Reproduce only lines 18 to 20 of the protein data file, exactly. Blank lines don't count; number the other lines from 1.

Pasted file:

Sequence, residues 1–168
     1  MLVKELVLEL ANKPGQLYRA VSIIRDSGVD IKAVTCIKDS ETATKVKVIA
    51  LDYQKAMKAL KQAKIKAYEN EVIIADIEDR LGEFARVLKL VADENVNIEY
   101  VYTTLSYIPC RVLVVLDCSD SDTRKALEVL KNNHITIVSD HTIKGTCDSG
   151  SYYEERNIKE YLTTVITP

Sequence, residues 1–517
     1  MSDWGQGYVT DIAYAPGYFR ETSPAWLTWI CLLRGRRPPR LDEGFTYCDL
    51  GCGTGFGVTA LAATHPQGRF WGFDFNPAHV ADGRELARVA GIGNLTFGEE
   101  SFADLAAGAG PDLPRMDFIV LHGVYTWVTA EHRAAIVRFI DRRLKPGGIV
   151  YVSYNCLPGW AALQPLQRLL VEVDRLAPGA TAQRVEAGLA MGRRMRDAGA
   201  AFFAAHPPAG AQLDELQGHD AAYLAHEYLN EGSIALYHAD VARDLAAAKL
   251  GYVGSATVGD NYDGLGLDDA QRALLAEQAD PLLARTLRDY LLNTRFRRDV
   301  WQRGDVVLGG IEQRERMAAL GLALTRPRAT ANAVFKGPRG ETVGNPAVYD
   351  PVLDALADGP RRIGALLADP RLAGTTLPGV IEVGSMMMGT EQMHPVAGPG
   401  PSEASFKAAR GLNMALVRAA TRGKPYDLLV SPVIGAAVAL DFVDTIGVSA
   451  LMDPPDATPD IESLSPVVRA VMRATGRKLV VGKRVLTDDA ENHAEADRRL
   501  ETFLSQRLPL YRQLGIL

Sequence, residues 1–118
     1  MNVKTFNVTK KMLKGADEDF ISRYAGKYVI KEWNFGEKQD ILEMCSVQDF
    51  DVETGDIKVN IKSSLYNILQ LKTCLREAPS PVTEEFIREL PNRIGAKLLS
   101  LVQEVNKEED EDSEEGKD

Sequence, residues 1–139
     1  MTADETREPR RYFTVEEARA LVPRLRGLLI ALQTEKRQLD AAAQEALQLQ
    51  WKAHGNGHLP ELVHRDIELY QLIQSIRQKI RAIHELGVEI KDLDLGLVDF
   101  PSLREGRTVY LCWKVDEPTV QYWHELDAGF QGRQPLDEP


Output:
Sequence, residues 1–118
     1  MNVKTFNVTK KMLKGADEDF ISRYAGKYVI KEWNFGEKQD ILEMCSVQDF
    51  DVETGDIKVN IKSSLYNILQ LKTCLREAPS PVTEEFIREL PNRIGAKLLS